Analyst Report News Satellite

$16bn potential revenue could be lost by satellite malfunction in 2019-2028: NSR

Near-misses are nothing new, but with over 8,000 smallsats to be launched in the next decade, the chances of collision will continue to rise, the analyst said.
The potential revenue to be lost by a satellite malfunction or mission disruption represents a $16bn cumulative loss between 2019 and 2028 when considering upcoming satellite supply, their mission profiles, lifetimes, orbits, and potential revenues to be generated, according to NSR.
Near-misses are nothing new, but with over 8,000 smallsats to be launched in the next decade, the chances of collision will continue to rise. Results would be disruptive, to say the least, and not the way the satellite industry tends to endorse. Extraneous satellite manoeuvres, malfunction, orbital debris, loss of orbital slot, change in launch trajectory & schedule; these would be the minor consequences.
Until now, the industry has relied on government programs to track satellites and issue warnings. Given the growing threat, both government and commercial players have begun developing new Space Situational Awareness (SSA) services and capabilities for improved visibility and support.
NSR’s In-Orbit Servicing & Space Situational Awareness Markets, the third edition features industry-first forecasts of the size of the addressable and captured markets for SSA solutions. The key assumption behind the opportunity for serving commercial customers, such as satellite operators and insurers, is that the addressable market would not exceed the revenue potential of the at-risk satellites.
While the total addressable market for commercially-offered SSA services is forecasted to grow to an almost $7bn annual opportunity by 2029, the captured market is only expected to reach $1.5bn by the same year. As an emerging business, there are numerous obstacles to market adoption and growth.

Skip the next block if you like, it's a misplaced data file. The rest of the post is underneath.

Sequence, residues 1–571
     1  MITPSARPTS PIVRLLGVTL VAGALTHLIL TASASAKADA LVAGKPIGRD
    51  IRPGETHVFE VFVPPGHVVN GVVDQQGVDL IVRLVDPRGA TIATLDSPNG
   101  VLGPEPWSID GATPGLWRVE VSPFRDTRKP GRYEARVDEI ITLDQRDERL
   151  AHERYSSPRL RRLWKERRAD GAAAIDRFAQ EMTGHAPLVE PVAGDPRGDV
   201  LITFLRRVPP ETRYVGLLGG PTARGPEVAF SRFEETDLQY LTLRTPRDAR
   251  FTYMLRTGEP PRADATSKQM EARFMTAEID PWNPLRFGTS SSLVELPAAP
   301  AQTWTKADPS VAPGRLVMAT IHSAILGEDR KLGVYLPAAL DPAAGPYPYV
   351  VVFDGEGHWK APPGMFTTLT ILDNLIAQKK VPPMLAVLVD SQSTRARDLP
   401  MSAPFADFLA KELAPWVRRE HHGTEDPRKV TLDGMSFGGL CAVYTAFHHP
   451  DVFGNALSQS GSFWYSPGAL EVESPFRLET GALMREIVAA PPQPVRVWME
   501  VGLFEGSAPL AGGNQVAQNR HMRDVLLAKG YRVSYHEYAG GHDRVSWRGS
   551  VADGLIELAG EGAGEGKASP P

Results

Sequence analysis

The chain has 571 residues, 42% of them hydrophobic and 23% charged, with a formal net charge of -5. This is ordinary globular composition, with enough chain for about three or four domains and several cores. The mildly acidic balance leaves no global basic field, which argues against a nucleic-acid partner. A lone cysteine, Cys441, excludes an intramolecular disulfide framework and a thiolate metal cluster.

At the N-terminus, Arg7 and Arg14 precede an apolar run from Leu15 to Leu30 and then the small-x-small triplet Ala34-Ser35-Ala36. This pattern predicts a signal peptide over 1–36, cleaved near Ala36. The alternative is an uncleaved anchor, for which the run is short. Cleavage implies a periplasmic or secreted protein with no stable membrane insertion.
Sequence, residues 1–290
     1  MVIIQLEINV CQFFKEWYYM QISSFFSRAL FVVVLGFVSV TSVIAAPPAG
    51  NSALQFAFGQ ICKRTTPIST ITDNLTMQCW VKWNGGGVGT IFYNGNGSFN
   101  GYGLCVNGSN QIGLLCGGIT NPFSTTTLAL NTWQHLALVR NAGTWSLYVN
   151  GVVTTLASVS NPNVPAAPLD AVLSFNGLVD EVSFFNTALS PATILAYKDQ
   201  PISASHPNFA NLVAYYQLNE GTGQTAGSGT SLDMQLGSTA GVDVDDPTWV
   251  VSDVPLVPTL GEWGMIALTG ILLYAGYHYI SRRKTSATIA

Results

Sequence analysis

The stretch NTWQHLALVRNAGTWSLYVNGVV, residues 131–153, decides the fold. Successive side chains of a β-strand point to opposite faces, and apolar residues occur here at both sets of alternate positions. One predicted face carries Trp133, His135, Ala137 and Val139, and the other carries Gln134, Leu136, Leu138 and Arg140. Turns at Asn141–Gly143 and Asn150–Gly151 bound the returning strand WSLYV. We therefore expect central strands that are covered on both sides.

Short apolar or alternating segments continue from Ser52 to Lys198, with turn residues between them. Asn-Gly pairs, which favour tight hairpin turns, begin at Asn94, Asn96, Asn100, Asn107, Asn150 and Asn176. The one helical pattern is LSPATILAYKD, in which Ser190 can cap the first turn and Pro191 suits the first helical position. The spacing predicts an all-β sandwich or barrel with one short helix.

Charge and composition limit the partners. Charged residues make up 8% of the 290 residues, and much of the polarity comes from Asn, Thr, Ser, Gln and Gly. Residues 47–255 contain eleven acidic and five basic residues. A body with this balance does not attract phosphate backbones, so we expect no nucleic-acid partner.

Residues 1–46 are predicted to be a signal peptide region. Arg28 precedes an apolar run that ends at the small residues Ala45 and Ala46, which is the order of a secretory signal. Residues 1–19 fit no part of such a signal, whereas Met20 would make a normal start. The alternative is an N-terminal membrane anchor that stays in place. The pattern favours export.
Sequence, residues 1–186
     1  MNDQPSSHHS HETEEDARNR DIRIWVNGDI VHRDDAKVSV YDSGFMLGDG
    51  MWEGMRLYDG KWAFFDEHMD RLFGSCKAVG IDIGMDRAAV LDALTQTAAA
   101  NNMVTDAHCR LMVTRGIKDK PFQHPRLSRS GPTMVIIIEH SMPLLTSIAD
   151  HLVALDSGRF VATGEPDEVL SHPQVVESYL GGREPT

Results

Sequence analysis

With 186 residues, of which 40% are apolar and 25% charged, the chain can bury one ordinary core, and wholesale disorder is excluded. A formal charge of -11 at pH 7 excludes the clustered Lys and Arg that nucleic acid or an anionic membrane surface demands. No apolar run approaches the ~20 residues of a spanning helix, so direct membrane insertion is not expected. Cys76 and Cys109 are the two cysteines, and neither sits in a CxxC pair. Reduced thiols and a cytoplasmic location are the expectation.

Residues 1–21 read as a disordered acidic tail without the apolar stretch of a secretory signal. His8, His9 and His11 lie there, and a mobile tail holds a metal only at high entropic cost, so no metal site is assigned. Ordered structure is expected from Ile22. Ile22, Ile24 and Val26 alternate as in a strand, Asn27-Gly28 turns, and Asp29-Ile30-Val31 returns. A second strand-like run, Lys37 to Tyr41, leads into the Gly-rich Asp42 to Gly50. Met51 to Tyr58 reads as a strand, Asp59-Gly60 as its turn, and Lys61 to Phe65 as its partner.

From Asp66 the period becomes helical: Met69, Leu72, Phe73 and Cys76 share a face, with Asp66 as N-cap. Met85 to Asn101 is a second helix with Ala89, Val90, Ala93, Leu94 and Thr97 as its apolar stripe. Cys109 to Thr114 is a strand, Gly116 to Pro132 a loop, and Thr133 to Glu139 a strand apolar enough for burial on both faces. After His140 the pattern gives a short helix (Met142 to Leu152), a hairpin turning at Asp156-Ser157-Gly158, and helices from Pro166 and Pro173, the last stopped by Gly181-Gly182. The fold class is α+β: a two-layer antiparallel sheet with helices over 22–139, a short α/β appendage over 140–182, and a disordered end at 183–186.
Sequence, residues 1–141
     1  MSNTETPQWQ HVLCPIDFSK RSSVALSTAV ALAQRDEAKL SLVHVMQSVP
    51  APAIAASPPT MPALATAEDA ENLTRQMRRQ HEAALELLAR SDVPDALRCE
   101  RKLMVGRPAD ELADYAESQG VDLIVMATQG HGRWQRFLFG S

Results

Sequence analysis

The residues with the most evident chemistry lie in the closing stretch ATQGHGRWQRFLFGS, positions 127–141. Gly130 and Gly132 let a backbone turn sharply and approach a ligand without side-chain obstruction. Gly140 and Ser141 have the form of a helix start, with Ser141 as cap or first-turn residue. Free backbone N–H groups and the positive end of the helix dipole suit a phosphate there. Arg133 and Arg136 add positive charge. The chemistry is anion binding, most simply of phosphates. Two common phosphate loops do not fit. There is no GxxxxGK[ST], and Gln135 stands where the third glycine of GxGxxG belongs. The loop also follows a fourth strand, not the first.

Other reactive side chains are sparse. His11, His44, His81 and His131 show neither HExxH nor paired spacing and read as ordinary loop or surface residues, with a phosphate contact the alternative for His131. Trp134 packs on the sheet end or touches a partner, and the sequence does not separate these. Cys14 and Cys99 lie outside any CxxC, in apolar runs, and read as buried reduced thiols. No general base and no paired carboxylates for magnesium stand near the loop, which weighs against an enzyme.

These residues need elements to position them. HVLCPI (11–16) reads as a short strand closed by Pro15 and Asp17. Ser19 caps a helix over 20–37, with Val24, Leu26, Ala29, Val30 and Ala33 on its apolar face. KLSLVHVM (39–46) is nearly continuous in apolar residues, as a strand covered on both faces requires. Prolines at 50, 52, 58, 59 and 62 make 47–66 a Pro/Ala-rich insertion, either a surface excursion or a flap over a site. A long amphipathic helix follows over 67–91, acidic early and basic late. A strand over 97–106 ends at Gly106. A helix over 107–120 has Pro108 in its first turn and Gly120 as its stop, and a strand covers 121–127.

First, there remains some market hesitation. Operators in both GEO and LEO have expressed doubt over the need for such services, believing the freely-available government programs to be sufficient. Some GEO operators only view space weather as a concern, given their higher orbits, thus limiting the SSA market.
Non-GEO has an inherently higher risk potential, in more densely-filled orbits, but some operators believe the risk to be more affordable and easily mitigated via replacement satellites and on-orbit spares.
Competition with government programs and policies will remain another challenge, acting as both obstacle and opportunity, as commercial SSA players must navigate around strict government restrictions, and the potential push/pull effect regarding insurance.
Some proponents believe that SSA services should be mandated, part of the licensing and certification behind satellite operations, while others wish to leave the market open.

Space is becoming crowded. With thousands of satellites set to launch this decade, the risk of mission disruption will only increase, representing a matter of concern both to the satellite industry and national security. Space Situational Awareness services represent a growing opportunity, a means to help with satellite “social” distancing, but the business case will remain muddied by conflicting interest and fragmentation of both demand and service supply.